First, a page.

Women, especially Black women aiming to make it big in hip hop, enter a world where rules and regulations only apply to them. 2 Chainz, Meek Mill, Future, 21 Savage, and Drake all have references to exotic dancers in multiple songs that are often disrespectful, but women are the ones minimized with “stripper rap” labels, degrading their existence and artistry. Yes, the interview topic was women in hip hop, but we cannot ignore this double standard. Dupri’s critique is not valid without including all genders.
The beauty of this debacle (not to anyone’s surprise) was that women rappers and singers banded together.
They spoke out and advocated for the space to create whatever art they deem necessary on their own terms. Doja Cat, Ari Lennox, Trina, Noname, Cardi B, and others used social media to gather Jermaine Dupri—whether they promoted women artists who don’t rap about sex and dancing, verbally addressed the double standard upheld by men in hip hop, or disapprovingly posted his photo as a response in itself.
As much of the responses pointed out, in addition to being misogynistic, Jermaine Dupri’s statement was also blatantly incorrect. The facts are that women rap about way more than dancing in the club. In Cardi B’s response, she first justified rapping about her pussy by reminding the world that sex sells; women who are not half naked are often overlooked. She then went on to offer Dupri examples of women who currently rap with fewer sexual references in their lyrics.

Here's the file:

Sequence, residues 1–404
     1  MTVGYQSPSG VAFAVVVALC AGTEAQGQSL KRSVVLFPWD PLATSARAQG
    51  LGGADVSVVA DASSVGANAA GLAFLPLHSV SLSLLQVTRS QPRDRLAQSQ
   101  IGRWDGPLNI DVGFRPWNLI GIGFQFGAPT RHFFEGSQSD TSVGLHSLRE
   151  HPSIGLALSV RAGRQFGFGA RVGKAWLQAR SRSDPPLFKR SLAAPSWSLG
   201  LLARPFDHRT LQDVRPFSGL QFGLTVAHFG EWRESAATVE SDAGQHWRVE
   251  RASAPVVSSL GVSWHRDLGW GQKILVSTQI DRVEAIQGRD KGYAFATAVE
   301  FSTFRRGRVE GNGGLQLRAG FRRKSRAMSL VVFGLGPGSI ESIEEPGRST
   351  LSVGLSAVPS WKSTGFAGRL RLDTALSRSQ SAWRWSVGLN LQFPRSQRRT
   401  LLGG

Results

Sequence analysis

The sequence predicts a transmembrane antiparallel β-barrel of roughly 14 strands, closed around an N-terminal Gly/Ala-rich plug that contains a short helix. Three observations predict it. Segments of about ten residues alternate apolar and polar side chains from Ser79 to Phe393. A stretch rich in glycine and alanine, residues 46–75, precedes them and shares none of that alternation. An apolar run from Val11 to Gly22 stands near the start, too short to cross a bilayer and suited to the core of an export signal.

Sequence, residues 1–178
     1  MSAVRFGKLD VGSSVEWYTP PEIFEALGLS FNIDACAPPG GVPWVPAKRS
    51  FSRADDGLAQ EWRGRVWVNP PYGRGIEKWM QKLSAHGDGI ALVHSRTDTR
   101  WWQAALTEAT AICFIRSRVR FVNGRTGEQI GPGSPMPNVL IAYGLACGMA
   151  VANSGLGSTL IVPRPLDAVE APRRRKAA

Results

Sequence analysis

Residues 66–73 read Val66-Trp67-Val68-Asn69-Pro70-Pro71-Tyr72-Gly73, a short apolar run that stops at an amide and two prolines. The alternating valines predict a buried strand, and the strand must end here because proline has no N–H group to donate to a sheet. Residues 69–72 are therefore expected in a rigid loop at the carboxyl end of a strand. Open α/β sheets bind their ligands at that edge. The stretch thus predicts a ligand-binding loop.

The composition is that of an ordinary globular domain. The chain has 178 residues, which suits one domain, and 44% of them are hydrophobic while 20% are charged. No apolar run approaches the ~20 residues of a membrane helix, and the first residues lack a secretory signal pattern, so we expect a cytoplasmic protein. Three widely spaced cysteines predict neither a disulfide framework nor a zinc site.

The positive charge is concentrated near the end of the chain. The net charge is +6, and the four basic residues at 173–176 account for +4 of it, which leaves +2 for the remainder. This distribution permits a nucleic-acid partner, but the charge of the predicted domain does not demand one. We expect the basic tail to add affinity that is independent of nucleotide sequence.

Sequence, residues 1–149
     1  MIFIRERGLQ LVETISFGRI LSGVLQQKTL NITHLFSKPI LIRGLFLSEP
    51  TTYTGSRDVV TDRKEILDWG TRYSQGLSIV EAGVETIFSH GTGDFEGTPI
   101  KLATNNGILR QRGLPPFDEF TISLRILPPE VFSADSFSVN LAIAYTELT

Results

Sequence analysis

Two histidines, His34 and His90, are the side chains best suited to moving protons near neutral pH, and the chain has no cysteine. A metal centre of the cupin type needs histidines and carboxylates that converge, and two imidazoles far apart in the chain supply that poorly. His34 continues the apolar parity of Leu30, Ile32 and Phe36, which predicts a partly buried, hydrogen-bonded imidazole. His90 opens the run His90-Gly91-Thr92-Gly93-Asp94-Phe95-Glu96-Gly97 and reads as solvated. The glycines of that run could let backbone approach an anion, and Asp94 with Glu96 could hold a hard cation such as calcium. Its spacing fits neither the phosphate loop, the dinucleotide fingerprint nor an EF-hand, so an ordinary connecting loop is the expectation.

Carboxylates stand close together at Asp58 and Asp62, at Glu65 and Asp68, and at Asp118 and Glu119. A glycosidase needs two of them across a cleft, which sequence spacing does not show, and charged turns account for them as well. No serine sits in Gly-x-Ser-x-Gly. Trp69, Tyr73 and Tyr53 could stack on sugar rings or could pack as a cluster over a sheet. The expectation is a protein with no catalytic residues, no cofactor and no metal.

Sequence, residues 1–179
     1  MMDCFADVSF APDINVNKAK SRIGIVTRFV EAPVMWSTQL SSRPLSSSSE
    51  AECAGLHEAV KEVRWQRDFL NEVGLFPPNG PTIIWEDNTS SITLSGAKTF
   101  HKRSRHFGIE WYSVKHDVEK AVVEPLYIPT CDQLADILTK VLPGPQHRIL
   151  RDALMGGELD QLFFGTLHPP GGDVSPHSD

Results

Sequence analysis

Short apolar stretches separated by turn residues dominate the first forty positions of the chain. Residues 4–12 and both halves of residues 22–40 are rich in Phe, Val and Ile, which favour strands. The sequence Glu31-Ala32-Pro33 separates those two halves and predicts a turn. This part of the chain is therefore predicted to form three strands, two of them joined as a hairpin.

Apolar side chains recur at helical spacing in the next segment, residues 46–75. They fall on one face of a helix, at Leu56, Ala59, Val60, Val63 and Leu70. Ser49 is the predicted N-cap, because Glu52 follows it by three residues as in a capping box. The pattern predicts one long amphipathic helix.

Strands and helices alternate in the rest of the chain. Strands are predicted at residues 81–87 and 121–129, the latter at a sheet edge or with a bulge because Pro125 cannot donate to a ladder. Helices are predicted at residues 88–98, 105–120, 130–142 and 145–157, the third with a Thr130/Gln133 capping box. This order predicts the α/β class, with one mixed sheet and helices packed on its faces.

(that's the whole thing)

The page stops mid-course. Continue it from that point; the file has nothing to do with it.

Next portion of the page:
The reality is that Jermaine Dupri, and anyone else offering the same lazy opinion about women rappers, simply doesn’t really care what women are creating. In the streaming era, it’s so easy to find and curate a musical experience to your liking. Cardi B’s call to action for listeners to support women of all flavors proves that there is no “stripper rap” mystery. Women can—and do—rap about everything.
If you want to hear rap that does not discuss twerking and tequila, then find the poetic lyricist for you. As both Cardi B and Doja Cat pointed out, there are dozens of women who don’t rap about their bodies that you can support. In her social media post, Cardi B included Grammy-nominated Rapsody, Tierra Whack, Chika, and Kamaiyah. All of those artists constantly drop music that anyone can stream. And by the way, supporting those rappers does not mean weaponizing Rapsody’s name to shame Yung Miami and JT’s sexual City Girls lyrics. Women deserve to rap about any subject so they can expand their music careers.
Black women do not exist to earn validation and approval from men, and that’s what Jermaine Dupri and others don’t realize. When these women rap, they create a genuine, carefree manifestation of Black womanhood, sonically and aesthetically. Music seems to have finally shifted away from the male gaze as more and more women are flooding the airwaves with content for us and by us.
The bottom line: Listen to music, find what you like, and support that with streams, merchandise purchases, concert tickets, and good old word-of-mouth promotion. Instead of engaging with interviews that police women, explore the multitude of rap that exists so you can enjoy it all.
Go enjoy your hot girl summer.